AUDIE CORNISH, Host:
Author Nuruddin Farah has been writing about his native Somalia for years. And in 2006, he took a special trip back home.
NURUDDIN FARAH: I went to Somalia with good intentions.
CORNISH: Farah had hoped to broker a peace deal between the U.N.-backed transitional government and the Islamist militia that controlled much of the countryside.
FARAH: I flew into Mogadishu with the aim of bringing the two groups, that were provocatively speaking about a war, closer to each other. When I failed, now that is when I started thinking about writing a novel.
CORNISH: Farah's latest novel, "Crossbones," is the last in a trilogy chronicling Somali's civil war. His key characters are expatriates, like Farah himself, who return to Somalia and bear witness to turmoil in their homeland.
FARAH: Jeebleh, who is a character in the first part of the trilogy, returns with his son-in-law called Malik, who is a journalist. And because many journalists had been killed, and because no foreign journalist was based in Somalia for fear of their lives, he braves it and goes to Mogadishu to write about it. And it's during his visit to Somalia - in fact, in the first three, four days - that Ethiopia invades Mogadishu. A very good time for a journalist to find himself in Somalia.
CORNISH: We also see the country through the eyes of Malik's brother, who is a professor, but who is there for a very different reason in that his stepson, he believes, has gone to Somalia to be trained as a suicide bomber.
FARAH: That's right. A number of things have happened among Somalis in the past few years, and one of them is that a large number of the young Somalis are now teenagers; volunteer as draftees for Shabaab, al-Shabaab terrorist group because it couldn't fit into life in North America, also because their parents couldn't fit into life in North America. So there is a lot of unhappiness and disappointment, in a way.
CORNISH: I think what's interesting about the book is that the brothers, when they go back, they're sort of supported by friends who serve as guides or as security. But we essentially experience this world through their eyes. And it's a very, very tense world.
FARAH: Yes, it is a very tense world. Now, the journalist lives in a place that's secure. But when he goes into the market - one of the biggest markets in Mogadishu - or when he goes to interview someone, or watches as some young thugs burn the corpses of some of these Europeans who fell in the war for Mogadishu, then he runs into problems.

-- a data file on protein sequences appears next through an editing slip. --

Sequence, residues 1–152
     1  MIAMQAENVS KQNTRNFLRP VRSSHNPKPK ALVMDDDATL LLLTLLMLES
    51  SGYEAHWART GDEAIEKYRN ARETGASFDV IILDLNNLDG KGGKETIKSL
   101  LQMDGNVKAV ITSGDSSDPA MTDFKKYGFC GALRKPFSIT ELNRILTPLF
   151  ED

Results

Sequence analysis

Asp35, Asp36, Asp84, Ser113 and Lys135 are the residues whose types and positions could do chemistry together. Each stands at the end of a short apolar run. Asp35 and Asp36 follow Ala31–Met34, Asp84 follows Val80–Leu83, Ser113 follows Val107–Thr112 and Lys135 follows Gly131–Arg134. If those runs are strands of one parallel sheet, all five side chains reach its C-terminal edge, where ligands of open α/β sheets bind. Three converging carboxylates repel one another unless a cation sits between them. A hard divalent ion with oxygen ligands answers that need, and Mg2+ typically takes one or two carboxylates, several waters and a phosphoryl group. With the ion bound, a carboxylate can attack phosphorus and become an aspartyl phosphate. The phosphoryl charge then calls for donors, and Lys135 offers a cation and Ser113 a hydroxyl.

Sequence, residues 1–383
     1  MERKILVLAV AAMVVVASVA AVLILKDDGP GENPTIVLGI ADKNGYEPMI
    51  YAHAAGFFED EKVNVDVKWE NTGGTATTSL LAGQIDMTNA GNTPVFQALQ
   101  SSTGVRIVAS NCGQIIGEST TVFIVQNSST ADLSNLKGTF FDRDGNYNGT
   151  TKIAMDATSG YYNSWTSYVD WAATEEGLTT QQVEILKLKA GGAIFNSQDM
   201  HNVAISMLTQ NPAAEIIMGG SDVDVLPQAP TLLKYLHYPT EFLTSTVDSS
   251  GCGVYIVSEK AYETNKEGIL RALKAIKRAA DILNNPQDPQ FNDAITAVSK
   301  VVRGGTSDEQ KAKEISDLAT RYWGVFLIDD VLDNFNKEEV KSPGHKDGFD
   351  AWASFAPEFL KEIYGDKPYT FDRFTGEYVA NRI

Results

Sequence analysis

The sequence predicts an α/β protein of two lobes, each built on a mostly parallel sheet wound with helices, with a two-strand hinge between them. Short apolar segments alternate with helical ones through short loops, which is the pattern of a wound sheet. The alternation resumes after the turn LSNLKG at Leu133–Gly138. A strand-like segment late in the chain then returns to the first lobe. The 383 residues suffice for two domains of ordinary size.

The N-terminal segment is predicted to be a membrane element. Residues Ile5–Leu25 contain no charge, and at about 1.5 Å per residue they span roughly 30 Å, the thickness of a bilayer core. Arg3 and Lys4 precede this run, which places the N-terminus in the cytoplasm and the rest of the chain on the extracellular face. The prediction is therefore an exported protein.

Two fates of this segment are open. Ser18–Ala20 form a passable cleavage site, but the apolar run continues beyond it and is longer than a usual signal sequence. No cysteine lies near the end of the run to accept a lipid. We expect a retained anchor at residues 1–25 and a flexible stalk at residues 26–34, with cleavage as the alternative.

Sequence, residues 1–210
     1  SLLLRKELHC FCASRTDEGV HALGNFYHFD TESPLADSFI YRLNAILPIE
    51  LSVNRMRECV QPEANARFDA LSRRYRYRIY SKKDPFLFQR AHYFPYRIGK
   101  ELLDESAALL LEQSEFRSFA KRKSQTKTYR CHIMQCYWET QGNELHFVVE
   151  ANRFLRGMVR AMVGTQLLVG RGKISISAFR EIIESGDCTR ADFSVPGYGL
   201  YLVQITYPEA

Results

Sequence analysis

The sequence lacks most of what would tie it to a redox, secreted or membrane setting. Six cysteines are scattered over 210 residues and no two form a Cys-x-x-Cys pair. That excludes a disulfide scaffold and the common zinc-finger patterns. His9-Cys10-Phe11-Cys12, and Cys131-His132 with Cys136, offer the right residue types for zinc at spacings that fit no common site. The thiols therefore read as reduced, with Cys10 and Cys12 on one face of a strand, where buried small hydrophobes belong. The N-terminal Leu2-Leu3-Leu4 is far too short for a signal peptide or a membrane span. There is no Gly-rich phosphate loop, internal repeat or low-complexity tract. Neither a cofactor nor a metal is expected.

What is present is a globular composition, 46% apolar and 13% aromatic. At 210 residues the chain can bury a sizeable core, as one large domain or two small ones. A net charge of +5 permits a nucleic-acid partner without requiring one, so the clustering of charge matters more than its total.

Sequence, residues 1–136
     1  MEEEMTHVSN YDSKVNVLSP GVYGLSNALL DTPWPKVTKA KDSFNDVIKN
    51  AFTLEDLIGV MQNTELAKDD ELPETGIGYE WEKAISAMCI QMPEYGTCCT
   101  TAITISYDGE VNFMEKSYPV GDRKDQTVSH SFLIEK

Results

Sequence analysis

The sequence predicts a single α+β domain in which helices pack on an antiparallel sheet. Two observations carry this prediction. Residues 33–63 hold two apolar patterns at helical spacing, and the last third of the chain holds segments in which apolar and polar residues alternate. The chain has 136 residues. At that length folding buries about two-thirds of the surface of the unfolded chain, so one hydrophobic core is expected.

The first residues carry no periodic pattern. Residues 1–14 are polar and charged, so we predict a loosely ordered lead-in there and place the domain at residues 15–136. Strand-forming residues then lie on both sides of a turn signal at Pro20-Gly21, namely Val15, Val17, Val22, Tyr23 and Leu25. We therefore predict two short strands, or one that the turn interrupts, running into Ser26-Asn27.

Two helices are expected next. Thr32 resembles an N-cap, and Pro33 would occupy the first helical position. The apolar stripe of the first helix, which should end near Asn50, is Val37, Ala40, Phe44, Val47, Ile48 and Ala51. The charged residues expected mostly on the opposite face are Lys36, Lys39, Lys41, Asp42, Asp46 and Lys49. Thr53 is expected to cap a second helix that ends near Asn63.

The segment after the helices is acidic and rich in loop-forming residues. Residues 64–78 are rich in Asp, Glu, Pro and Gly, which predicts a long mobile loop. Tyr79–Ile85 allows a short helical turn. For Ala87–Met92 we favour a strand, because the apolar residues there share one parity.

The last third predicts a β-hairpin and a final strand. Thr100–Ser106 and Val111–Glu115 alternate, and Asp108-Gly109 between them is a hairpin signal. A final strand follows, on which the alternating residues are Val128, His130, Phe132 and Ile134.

CORNISH: One of your characters says that when you've lived in a civil war condition and have not known peace, you become someone different from your natural self. These characters, some of them who have been friends for a long time, are fundamentally changed by all of this - this experience.
FARAH: Sure, sure, sure, sure. Well, and the reason is because you don't know who your enemy is. You don't know - you can't tell who your friend is. You can't tell whom you're going to trust. And you become a neighbor to death. You live close to death, and you're always on the edges of your nerves. You don't know what you're going to do next. It's a very, very difficult situation.
CORNISH: What have you learned about yourself, as an exile?
FARAH: Well, I've learned how much I miss Somalia. I've learned how much I have to nurse this obsession with Somalia. And I discovered that every time I go, I come back with a mix of anger, anguish and sadness. And the reason is because people are dying, starving. And one would wish that one day we would wake up, and we would hear that International Criminal Court would investigate the situation in Somalia and bring all those culpable, all those who've participated in making Somalia ungovernable - bring them before the International Criminal Court. Nobody seems to care about Somali. That's the unfortunate side of our history.
CORNISH: Nuruddin Farah, he's the author of "Crossbones." He spoke to us from the studios of Minnesota Public Radio. Professor Farah, thank you so much for talking with us about the book.
FARAH: Thank you. Thank you very much, Audie.
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